LA Times Believes Communism Is Portrayed Badly In New Film

As one who enjoys the new Batman trilogy starring Christian Bale, I am looking forward to seeing the latest installment, The Dark Knight Rises. With all of the news of late concerning the shooting that took place in Colorado, it doesn’t deter me from wanting to view the film. However, it is liberals who are the ones that amaze me in their reviews of the film, especially Steven Zeitchik of the L.A. Times. He seems to have such a twisted thinking of how the world should work and that comes through very clear in his review.

It seems that Zeitchik wants to take shots at the film because it doesn’t apparently agree with his worldview. He claims, “‘The Dark Knight Rises’ takes the opposite approach, spilling out political content wherever you look. But more politics doesn’t mean your movie’s message is more consistent or decipherable.”

I agree it doesn’t. There are a myriad of films where liberal politics abound and are completely inconsistent. In fact, liberal politics are inconsistent in life, so why should we expect otherwise in films?

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Zeitchik writes,

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Contradictions abound in “The Dark Knight Rises.” There is a man (Thomas Hardy’s Bane) who urges populist unrest against a monied elite and a woman (Anne Hathaway’s Selina Kyle) who speaks the language of social justice, stirringly asking a member of the 1% “how you ever thought you could live so large and leave so little for the rest of us.” Yet both are, for at least chunks of the movie, villains — in Bane’s case, murderously and maliciously so. (emphasis mine)

It’s as though Zeitchik is fond of the politics of both of the villains by the use of the word “yet.” He seems to be advancing an Occupy crowd type of mentality against the rich, just because they are rich and seems sympathetic to taking what other people have acquired.

He continues,

Meanwhile, the hero (Christian Bale’s Bruce Wayne/Batman), the man we’re rooting for, the one who’s going to make it all OK, is … a billionaire who sits on his money? A man who for parts of the film is as addicted to the thrills and the spotlight as much as he believes in the value of altruism? A man so disaffected he even forgets to write a check to his own orphanage?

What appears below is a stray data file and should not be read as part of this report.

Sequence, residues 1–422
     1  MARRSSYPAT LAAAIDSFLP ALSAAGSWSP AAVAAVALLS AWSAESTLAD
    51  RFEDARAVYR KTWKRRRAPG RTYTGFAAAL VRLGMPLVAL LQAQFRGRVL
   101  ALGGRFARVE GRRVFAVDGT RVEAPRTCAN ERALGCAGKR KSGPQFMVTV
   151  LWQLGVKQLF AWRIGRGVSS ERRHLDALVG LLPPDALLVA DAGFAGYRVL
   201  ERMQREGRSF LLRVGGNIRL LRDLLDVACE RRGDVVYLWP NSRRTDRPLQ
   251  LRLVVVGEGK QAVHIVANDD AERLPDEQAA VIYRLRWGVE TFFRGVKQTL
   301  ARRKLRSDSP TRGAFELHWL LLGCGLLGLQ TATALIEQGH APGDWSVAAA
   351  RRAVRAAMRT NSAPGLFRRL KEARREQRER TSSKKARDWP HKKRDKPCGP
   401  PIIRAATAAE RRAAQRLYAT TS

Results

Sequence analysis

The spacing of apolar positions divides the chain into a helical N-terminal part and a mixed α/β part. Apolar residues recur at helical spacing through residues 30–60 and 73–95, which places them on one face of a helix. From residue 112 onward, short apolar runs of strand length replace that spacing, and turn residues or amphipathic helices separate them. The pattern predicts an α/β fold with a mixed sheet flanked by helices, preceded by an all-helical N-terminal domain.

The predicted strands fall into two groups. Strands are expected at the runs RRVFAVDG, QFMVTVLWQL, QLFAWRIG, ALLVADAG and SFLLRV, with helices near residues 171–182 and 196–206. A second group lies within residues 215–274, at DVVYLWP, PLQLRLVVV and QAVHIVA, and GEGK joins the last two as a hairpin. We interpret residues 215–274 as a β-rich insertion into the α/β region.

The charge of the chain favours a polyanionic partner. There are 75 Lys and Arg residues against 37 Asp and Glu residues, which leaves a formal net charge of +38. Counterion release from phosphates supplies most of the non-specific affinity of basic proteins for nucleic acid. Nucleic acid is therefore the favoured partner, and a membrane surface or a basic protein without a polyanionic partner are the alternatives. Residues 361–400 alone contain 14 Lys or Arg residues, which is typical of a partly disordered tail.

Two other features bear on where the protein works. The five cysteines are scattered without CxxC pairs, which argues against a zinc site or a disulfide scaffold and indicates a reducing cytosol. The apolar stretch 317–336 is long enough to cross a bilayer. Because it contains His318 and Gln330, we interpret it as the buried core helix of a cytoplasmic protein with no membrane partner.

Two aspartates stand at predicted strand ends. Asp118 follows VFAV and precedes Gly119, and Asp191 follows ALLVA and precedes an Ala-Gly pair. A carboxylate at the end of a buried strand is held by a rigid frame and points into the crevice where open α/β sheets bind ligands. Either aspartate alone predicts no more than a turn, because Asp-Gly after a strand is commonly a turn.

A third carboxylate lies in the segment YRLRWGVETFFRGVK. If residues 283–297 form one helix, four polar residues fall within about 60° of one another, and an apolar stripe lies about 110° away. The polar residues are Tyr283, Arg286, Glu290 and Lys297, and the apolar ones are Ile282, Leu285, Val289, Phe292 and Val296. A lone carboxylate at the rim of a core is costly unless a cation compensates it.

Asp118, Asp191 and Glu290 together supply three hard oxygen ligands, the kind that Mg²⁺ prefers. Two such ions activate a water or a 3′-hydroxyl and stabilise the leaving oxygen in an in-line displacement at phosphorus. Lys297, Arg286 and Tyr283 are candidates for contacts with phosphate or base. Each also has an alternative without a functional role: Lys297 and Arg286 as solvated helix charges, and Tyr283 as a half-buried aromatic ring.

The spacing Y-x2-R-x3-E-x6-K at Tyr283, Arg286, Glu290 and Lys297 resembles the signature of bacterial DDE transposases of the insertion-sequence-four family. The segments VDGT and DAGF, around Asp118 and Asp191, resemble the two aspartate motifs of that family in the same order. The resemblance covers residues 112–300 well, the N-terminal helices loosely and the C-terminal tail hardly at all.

What this all adds up to makes the head spin a little. Are we supposed to root for complacency? Or reevaluate our notions of equality and justice because its champions practice wanton murder? Or perhaps we should just decry the whole lot of them.

Nope, we aren’t supposed to root for complacency. We root for the guy to get back on track and do what is right. Sadly, in our day and age too many want to play party politics and let their guy get away with things they would never let the other guy get away with and yes that includes the party I’m affiliated with too. Republicans can err and begin to distance themselves away from principles and what do those of us who care do? WE call them out and demand they do what is right and if they don’t we vote them out. Eventually though Bruce Wayne gets his act together and does the right thing.

He writes,

In the film’s most blatantly political scene, Bane whips supporters into a populist frenzy as they literally rip wealthy people out of their penthouses to beat and rob them. It’s a jarring viewing experience. The language of revolt and justice would seem to call for sympathy with the rebels. But the violence of their attacks makes you side, discomfittingly and reflexively, with the pampered rich.

OK wait, what? You get a revolutionary that stirs the people up so much that they actually invade the homes of people doing them no harm at all, but simply on the basis they have more and Zeitchik actually has the audacity to say it makes you side “discomfittingly and reflexively” with the rich? What in the world is in this guy’s mind? It is awkward for you Mr. Zeitchik because you are witnessing what is morally wrong.

The writer of Proverbs wrote of such people as he instructed his son:

My son, if sinners entice thee, consent thou not. If they say, Come with us, let us lay wait for blood, let us lurk privily for the innocent without cause: Let us swallow them up alive as the grave; and whole, as those that go down into the pit: We shall find all precious substance, we shall fill our houses with spoil: Cast in thy lot among us; let us all have one purse: My son, walk not thou in the way with them; refrain thy foot from their path: For their feet run to evil, and make haste to shed blood. Surely in vain the net is spread in the sight of any bird. And they lay wait for their own blood; they lurk privily for their own lives. So are the ways of every one that is greedy of gain; which taketh away the life of the owners thereof.

This is the same mentality which apparently makes Mr. Zeitchik uncomfortable. People who think they deserve something that is someone else’s simply because they think life is unfair or whatever. It is nothing more than envy and jealousy and ultimately breeds thieves with murderous hearts.

The analysis of the film continued,